2. You’d be Amazed at How Many Roast Beef Sandwiches They’ve Sold
Arby’s has always been considered a second or third tier fast-food restaurant even if it’s the second largest sandwich restaurant in the business (with an ever increasing marketshare thanks to it’s purchase of Buffalo Wild Wings (See number one) and the recent and ongoing closing of hundreds of Subway sandwich restaurants) so it may surprise you to learn just how many sandwiches the restaurants have sold since the first Arby’s location opened in 1964 in Ohio. According to The Huffington Post, Arby’s has sold over five-billion classic roast beef sandwiches alone, which is a staggering amount of sandwiches regardless of how you break it down. Beyond that they’ve also sold 3.34 million pounds of corned beef and about 1.37 million pounds of sauerkraut, which makes sense because they sell one of the only rueben’s in the fast-food game. While Subway recently released a limited edition version of a Rueben all it did was remind people that they probably should be eating at Arby’s instead. Either way you slice it (get it?), that’s a whole lot of sandwiches and a considering the fact that Arby’s was able to buy Buffalo Wild Wings, it’s a testament to both the staying power and increasing popularity of Arby’s restaurants. Speaking of which…
1. It Owns Buffalo Wild Wings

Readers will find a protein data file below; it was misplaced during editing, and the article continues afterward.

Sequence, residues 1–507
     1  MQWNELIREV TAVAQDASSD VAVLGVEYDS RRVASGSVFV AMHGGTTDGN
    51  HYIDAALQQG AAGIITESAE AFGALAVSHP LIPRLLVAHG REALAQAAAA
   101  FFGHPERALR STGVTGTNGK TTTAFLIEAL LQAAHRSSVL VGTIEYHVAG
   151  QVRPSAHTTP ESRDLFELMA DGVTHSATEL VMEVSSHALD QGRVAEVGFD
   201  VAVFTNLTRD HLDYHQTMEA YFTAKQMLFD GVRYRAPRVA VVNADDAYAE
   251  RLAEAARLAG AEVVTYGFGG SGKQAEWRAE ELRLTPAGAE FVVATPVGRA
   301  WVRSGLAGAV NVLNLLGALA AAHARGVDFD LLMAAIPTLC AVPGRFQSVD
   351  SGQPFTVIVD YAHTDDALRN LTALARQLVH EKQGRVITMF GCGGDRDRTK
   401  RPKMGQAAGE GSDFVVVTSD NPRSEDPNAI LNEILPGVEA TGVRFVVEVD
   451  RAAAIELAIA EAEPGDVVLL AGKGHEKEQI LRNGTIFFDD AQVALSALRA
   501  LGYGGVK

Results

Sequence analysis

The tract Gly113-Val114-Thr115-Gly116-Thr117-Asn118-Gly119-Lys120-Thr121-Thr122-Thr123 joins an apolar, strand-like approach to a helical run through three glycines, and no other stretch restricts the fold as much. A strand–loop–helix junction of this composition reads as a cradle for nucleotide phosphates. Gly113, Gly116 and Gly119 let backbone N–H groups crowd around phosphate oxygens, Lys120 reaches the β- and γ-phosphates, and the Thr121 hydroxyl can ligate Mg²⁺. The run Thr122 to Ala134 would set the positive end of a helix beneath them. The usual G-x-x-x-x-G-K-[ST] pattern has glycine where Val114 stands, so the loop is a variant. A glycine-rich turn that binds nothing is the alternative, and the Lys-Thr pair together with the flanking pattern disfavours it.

Arby’s made news across the business and restaurant industries back in November of last year after it was announced that they would be purchasing Buffalo Wild Wings. The all-cash deal meant that Arby’s would be paying nearly $160 a share for Buffalo Wild Wings, a deal that in-and-of itself was worth nearly $3 billion dollars. Business can often be incestuous and Arby’s is a great example of that as it is owned by a few different organizations itself, a minority owner of Arby’s being Wendy’s (which owns nearly 20% of Arby’s). The remaining 80% (or so) of Arby’s is owned by a conglomerate called Roark Capital, which also owns big stakes in restaurants like Auntie Anne’s, Carvel and Jimmy John’s. Roark Capital originally wanted to be named “Big Tex” Capital, until they realized that a company in Akron already had that name. Okay, that last part was a joke. Buffalo Wild Wings was previously a private company out of Minneapolis, Minnesota and despite it’s massive growth was facing external pressure from investors to go public and was also reaching a plateau in terms of growth thanks to oversaturation and the lowered television ratings of the NFL. Now that Arby’s owns B-Dubs, they have cornered the chicken wing and roast beef markets, leaving a seafood restaurant as their next and final acquisition before they can rest easily having completed the trifecta. Long John Silvers, look out.